He notes that at the outset of the war in New England, “nobody contacted the national commander-in-chief and said, ‘Hey, we got the enemy coming.  What are you going to do about it?'”  That’s…not exactly inaccurate. But it wasn’t because the Revolutionaries intentionally bucked national authority in favor of local action.

Initially, there wasn’t really a “national commander-in-chief” to contact, since there was neither a national army nor a national governing body.  The Second Continental Congress didn’t convene until May 1775, weeks after the fighting had broken out at Lexington and Concord.

Barton’s argument that local church congregations more or less shouldered the early war effort is likewise problematic.  The mobilization of New England militia in 1775 didn’t all boil down to ministers organizing their congregants into battalions. The pulpit and the pew bolstered Revolutionary mobilization, but Barton is engaging in quite a bit of overstatement and oversimplification—which is generally the case when he discusses the role of the church in American history.

Barton also says, “The reason we won the national battle was we won all the local battles.” Given his references to specific engagements like Lexington and Bunker Hill, I assume he means “local battles” literally. So did the Revolutionaries achieve final victory because they won these battles?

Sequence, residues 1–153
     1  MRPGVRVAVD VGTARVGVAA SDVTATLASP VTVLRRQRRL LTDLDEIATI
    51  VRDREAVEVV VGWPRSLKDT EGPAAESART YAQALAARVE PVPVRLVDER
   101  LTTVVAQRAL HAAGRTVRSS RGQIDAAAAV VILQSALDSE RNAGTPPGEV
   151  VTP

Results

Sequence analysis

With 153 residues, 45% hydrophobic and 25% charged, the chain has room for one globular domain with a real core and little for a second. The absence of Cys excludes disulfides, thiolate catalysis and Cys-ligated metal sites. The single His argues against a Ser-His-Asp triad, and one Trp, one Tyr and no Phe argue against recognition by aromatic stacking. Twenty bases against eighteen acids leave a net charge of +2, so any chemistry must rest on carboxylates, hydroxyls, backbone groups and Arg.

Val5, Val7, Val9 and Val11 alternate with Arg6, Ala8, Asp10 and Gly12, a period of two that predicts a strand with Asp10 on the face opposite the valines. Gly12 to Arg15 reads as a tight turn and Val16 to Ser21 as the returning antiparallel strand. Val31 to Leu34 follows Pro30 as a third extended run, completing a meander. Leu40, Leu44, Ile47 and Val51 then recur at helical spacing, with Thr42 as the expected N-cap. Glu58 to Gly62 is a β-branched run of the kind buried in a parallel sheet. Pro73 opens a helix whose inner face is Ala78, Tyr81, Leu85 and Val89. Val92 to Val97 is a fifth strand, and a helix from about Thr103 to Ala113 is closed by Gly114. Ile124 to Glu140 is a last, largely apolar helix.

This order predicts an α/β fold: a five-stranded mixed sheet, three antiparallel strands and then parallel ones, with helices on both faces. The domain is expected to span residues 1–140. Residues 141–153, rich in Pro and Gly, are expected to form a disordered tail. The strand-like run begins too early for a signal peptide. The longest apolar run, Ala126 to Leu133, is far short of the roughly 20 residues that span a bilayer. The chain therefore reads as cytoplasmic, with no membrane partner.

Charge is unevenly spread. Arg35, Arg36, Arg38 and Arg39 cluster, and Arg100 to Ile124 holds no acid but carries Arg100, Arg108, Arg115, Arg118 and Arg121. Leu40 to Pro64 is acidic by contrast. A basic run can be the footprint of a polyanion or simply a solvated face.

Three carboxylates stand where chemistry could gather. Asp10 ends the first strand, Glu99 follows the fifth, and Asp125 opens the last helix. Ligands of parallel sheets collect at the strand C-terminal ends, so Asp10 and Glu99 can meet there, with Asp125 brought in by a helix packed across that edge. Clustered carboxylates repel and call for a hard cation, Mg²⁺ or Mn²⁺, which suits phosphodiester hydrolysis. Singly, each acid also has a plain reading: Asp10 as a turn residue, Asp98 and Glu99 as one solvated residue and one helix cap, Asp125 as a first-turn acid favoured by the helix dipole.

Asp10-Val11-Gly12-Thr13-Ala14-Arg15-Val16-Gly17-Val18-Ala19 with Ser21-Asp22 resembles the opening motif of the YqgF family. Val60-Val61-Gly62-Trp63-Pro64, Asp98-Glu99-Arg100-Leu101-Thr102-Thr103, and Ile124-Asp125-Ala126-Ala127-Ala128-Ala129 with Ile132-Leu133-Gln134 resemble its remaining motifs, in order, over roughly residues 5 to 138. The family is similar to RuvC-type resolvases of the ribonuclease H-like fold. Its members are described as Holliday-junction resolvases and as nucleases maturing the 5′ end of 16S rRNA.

That’s not even close to accurate with regard to the war as a whole. It’s more tenable if you’re only referring to the war’s initial stages, although one wonders what “winning the national battle” would mean short of victory in the war.  (And even the statement that the Americans won the “local battles” early in the war would be debatable on one level, since Bunker Hill was technically a British victory, albeit a Pyrrhic one.)

In fact, it’s pretty much the opposite of what happened during Nathanael Greene’s campaigning in the South.  Greene himself did not gain a single clear-cut battlefield victory, although his subordinates did. But his campaigns nevertheless wrested control of the Carolinas out of British hands. Greene won the long game despite losing the individual battles.

Maybe Barton means “battles” metaphorically, and is speaking in political terms. In other words, the Revolutionaries succeeded because they laid the organizational groundwork on the local level. The Revolution is indeed a pretty good case study in the effectiveness of building local political momentum to generate a national movement.